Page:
In May, Live Science published an article titled “Is a ‘Fetal Heartbeat’ Really a Heartbeat at Six Weeks?” The article begins as follows:
So far this year, four U.S. states have passed laws banning abortions when a fetal heartbeat can be detected, at around six weeks of pregnancy; several additional states are also considering these so-called heartbeat bills.
But what exactly do we mean when we talk about a “fetal heartbeat” at six weeks of pregnancy? Although some people might picture a heart-shaped organbeating inside a fetus, this is not the case.
Rather, at six weeks of pregnancy, an ultrasound can detect “a little flutter in the area that will become the future heart of the baby,” said Dr. Saima Aftab, medical director of the Fetal Care Center at Nicklaus Children’s Hospital in Miami. This flutter happens because the group of cells that will become the future “pacemaker” of the heart gain the capacity to fire electrical signals, she said.
This is all very interesting scientifically speaking, but this article suffers from a fatal flaw—the author took abortion opponents at their word and assumed they actually cared about when the fetal heartbeat begins. They don’t.
As a quick aside, the term “fetus” is not used until quite a bit after six weeks. At six weeks, it’s still an embryo. In other words, the entire term “fetal heartbeat,” as applied to laws banning abortions after six weeks, is a misnomer. But abortion opponents don’t care about that either.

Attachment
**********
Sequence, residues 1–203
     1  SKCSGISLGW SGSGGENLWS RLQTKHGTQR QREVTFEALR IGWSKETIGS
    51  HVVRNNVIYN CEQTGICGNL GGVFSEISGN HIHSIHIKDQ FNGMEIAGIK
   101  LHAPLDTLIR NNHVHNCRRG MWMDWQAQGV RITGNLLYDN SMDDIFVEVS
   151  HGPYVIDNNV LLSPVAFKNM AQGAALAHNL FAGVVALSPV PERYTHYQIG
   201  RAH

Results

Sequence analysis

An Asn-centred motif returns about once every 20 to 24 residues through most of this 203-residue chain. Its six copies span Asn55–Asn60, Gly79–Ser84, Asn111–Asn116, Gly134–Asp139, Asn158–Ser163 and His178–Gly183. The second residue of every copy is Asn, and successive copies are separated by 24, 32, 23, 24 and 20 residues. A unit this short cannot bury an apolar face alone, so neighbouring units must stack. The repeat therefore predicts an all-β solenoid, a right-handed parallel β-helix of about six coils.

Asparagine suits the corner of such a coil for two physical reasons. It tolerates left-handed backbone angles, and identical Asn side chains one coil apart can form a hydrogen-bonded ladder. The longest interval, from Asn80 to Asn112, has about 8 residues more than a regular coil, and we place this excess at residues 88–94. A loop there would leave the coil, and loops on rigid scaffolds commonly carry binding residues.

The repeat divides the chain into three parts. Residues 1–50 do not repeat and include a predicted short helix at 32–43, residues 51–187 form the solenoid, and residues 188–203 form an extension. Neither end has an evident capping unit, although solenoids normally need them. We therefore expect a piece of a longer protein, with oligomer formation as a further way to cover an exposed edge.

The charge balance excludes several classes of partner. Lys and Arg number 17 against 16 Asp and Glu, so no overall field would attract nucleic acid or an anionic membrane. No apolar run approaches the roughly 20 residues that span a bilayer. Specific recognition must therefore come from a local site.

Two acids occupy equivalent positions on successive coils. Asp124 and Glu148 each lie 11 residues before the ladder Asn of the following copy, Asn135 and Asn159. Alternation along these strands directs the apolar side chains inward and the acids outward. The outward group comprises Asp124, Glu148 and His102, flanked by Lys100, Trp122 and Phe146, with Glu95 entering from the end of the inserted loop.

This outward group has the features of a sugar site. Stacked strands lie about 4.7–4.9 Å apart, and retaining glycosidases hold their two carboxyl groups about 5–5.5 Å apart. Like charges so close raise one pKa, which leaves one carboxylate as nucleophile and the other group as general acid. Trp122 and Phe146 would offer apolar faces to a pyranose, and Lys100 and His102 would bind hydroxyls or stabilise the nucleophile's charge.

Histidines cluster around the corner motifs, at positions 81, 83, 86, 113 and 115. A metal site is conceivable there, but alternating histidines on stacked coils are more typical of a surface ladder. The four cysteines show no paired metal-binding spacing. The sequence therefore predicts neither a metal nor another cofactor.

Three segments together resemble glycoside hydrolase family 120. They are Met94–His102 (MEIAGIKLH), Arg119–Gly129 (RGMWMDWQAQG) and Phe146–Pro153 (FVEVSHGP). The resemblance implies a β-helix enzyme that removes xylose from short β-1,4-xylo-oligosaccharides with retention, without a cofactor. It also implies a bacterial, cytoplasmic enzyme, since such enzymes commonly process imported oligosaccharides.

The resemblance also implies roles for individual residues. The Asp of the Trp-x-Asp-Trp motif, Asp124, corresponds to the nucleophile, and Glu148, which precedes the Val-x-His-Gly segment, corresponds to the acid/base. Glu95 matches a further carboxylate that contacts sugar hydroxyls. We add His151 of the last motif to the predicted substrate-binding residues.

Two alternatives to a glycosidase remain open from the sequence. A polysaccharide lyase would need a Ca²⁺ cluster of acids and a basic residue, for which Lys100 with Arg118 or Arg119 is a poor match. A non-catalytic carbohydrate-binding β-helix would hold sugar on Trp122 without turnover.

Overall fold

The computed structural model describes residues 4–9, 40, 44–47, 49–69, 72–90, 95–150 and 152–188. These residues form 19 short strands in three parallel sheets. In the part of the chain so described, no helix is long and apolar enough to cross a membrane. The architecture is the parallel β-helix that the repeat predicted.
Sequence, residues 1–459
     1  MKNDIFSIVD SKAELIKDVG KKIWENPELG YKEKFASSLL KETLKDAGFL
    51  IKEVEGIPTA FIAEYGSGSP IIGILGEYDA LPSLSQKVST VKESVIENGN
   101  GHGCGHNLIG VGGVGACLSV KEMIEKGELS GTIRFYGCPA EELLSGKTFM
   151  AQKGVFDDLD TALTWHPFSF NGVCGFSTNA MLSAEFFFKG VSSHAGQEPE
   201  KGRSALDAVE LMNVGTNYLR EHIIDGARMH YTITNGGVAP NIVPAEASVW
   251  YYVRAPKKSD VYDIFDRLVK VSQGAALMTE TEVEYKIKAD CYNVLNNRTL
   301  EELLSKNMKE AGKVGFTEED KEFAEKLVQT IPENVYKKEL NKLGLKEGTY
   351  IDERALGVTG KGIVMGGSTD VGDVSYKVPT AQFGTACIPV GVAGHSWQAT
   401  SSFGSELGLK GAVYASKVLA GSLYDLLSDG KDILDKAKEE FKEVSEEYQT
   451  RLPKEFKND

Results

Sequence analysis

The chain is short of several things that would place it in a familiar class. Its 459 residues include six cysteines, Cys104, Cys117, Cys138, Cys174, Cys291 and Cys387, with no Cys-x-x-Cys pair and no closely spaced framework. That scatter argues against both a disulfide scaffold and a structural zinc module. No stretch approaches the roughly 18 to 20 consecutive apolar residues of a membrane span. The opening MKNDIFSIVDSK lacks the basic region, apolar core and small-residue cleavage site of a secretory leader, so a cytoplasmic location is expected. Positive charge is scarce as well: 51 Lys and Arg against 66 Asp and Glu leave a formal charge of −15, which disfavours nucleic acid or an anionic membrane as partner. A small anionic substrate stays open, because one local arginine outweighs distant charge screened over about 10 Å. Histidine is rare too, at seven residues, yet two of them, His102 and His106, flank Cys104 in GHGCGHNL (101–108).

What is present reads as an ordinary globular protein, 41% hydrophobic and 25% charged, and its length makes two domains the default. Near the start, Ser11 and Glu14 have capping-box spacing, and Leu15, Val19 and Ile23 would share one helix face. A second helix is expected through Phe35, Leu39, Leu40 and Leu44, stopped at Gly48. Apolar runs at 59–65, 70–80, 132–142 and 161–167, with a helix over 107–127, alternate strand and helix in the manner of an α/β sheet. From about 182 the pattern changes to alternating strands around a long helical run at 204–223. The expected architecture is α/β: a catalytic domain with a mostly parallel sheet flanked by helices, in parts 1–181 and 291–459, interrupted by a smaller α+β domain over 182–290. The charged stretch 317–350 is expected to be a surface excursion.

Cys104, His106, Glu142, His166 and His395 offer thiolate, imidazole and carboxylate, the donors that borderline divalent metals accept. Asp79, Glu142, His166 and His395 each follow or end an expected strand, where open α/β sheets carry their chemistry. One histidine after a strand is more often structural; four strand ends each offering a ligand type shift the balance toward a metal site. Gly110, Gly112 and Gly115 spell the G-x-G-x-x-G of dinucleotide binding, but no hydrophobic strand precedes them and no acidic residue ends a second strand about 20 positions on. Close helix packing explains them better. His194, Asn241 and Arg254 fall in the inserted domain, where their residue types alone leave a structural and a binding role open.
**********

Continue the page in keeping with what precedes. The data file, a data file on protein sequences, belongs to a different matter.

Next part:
It is true that a number of abortion bills over the past few years have prompted to ban the procedure after six weeks specifically, and that these bills have been called “heartbeat bills.” It is also true that abortion opponents make much of the claim that there is a heartbeat at six weeks. The rub is that abortion opponents use this claim only because they believe it will be persuasive to others, and not because they put any stock in the presence of a heartbeat themselves.
Young Earth Creationist organization Answers in Genesis took time to respond to the Live Science article I cited above, arguing that the article’s author was missing the point, because the fetal heartbeat isn’t really the issue.
Humanity is not determined by level of development. After all, a newborn is still developing, so is a six-month old, a two-year old, or a sixteen-year old. Does that mean it’s fine to kill any of these people? Well, it’s inconsistent to say no if you believe that a human being who is developing in the womb is not really human or alive.
This article really highlights that the fetal heartbeat isn’t really the issue. It’s just another arbitrary point on the timescale of development that some people have chosen as a very visible sign of life, recognized by everyone.
Arguments from science, such as fetal heartbeat, are wonderful supports of the biblical truth that life begins at the moment of fertilization, but they should never be the ultimate standard. God’s Word should always be our ultimate standard for truth, even when it comes to the question of abortion.